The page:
HEALTH: Super gran demonstrates the power of resilience and staff awards all round

Avid Parkrunner, Dorothy Woodger, hits the road yet again.

By Lucy Ashton

A 72-year-old grandmother who suffers from degenerative hand and foot conditions has been able to drastically slow the progress of the illnesses thanks to a diligent therapy regime and maintaining an active lifestyle.

Dorothy Woodger of Blanefield suffers from both Dupuytren contracture and Ledderhose disease which causes involuntary and permanent curling of the fingers and toes and gets progressively worse with age.

While many with the Dupuytren contracture opt for surgery which can be invasive and carries risk, instead Dorothy has been working with a Queen Elizabeth University Hospital (QEUH) occupational therapist (OT) since 2020 and has been one of the few patients not only to avoid an operation but also see an improvement in the condition.

A strict regime which involves regular hand exercises and the use of innovative splints worn and night and engineered by occupational therapist, Elaine Stewart, has enabled Dorothy to continue living a normal life. Such has been the success of the treatment that Dorothy is often the case study of student OT classes demonstrating the positive impact therapy can have on the quality of life.

Avid runner Dorothy also believes putting regular miles in has helped halt the progression of her Ledderhose disease which would otherwise prevent her from walking or exercising normally. Despite being diagnosed in the 1980s, Dorothy, who has run over 150 park runs and is currently a jog leader for the Jog Scotland programme, has not seen any decrease in motion and helped ensure her feet remain flexible over the years.

Dorothy, who lives with husband Bill and has a daughter Sharon and grandson Douglas, said: “I play golf, I crochet and I run regularly. I wouldn’t be able to do any of those things without following Elaine’s OT, putting on the special splints at night and ensuring I keep up my running.

“Despite the therapy, it can still be difficult for me to grip some things but if I don’t keep it up, my hands will curl up completely. However, having worked with the team at the QEUH I’ve been able to continue doing the things I love so far without the risk of surgery. I have more or less full range of motion which is hugely important to me so I’m extremely grateful to Elaine who has been with me for more than three years now.”

Occupational Therapist, Elaine Stewart, puts Dorothy’s progress down to her own resilience and active lifestyle. Elaine said:  “We can provide all the OT advice in the world but our patients need to stick to the plans we develop in order to progress and Dorothy is a shining example of this in action – many people of her age with her condition would have expected to have undergone surgery by now.

“She has been a fantastic patient throughout – remaining upbeat and an inspiration to others.”

Dorothy, who has also recently received a total hip replacement, remains an inspiration to those around her, helping introduce people to running and leading groups of couch to 5k competitors who may not otherwise be doing any exercise.  She concluded: “You only get one shot at life, which is why I keep going with the physio and the running. I love being able to help other people become more active and that really drives me. If I can do it, so can you.”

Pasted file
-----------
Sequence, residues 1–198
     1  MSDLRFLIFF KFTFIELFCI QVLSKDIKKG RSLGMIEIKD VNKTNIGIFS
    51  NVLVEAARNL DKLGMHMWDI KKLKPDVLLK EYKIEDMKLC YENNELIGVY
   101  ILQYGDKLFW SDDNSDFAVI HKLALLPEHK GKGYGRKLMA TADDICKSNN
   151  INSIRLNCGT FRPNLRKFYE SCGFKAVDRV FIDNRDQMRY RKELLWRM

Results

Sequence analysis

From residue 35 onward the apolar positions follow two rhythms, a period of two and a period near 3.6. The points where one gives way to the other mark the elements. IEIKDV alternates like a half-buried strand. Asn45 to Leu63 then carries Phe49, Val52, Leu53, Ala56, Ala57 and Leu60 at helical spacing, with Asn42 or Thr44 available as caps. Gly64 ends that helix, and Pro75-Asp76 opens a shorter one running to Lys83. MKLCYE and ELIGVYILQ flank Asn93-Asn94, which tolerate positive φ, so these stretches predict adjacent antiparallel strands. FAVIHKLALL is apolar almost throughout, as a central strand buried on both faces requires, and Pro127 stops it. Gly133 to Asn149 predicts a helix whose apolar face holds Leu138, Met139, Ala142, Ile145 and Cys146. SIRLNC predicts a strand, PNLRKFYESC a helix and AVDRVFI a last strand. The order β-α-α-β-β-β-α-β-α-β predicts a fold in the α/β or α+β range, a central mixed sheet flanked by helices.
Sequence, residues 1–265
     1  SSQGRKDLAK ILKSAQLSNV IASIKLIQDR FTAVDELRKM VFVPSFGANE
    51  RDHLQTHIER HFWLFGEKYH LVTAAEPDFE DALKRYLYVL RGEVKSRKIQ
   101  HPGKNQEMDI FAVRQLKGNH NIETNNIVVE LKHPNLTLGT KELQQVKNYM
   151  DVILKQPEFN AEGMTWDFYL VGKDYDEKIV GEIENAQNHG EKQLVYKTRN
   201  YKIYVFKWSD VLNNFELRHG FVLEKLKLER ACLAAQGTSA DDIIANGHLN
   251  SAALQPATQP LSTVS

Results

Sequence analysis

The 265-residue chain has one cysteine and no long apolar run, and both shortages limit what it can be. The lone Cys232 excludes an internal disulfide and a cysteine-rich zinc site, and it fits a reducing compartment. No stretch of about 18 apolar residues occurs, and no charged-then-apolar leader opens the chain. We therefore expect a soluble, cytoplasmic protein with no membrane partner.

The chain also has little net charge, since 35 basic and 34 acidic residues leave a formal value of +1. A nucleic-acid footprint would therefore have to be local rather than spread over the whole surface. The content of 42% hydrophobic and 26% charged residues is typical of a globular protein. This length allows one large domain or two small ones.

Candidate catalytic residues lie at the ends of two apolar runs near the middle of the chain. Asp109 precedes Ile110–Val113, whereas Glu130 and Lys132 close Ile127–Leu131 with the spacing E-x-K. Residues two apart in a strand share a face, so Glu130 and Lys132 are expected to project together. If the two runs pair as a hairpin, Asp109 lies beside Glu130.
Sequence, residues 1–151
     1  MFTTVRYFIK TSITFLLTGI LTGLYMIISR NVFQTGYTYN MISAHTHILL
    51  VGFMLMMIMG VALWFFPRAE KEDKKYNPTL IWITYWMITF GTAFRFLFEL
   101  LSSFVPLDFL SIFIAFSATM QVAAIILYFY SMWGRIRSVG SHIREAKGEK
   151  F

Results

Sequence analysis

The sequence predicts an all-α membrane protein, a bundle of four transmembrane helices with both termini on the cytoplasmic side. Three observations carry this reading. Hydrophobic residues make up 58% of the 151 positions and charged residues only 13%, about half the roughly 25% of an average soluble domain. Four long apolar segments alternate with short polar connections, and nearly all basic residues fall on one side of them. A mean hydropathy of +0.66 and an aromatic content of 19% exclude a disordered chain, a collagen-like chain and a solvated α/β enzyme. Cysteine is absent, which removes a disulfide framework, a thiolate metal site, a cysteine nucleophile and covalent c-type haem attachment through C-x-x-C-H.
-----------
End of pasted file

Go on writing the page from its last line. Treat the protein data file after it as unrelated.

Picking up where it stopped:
Meanwhile, staff from across NHS Greater Glasgow and Clyde have been recognised and celebrated at the annual South Sector awards which covers the Queen Elizabeth University Hospital (QEUH), Gartnavel General and the New Victoria ACH. 

Individuals and teams were awarded for their contribution to the health service over the past 12 months, with categories focusing on areas such as innovation, quality improvement, best practice and the provision of high-quality person-centred care.

The Board’s Flow Navigation Centre which operates the virtual A&E service was recognised as team of the year. Thanks to the hard work of the FNC, more than 36,000 patients have used the service, with more than 80% opting for a video consultation as part of their care package. The digital-first approach has helped ensure patients get the best care in as short a time as possible.

Orthopaedic assistant practitioner, Martin Simpson took home Employee of the Year thanks to his compassionate approach to care and impressive patient feedback, while Occupation Therapist, Lynsey Warner, scooped the Leader of the Year. Lynsey has been instrumental in developing the Major Trauma service and ensuring the rehabilitation journey every patient receives is to the highest standard.

The innovation award went to the Emergency Department Research and Innovation Team for the various local initiatives they have led on locally, regionally and nationally which has helped see the department become a leading centre in research and innovation. 

Arwel Williams, Director for the South, said: “It’s amazing to see our staff from across services continue to innovate, show best practice and deliver excellent care for our patients every day, despite the wider ongoing pressures facing the health service.

“Our staff drive the health service – they represent the organisation and it’s their work which has the biggest impact on patients at the end of the day. It’s reassuring through the awards and through the work which I see every day, the dedication and the passion shown by staff which is helping improve patient outcomes and improve the service in the South. A huge congratulations to all of the entrants to this year’s event.”

Pictured: Ed Pool is a Flow Navigation Centre lead

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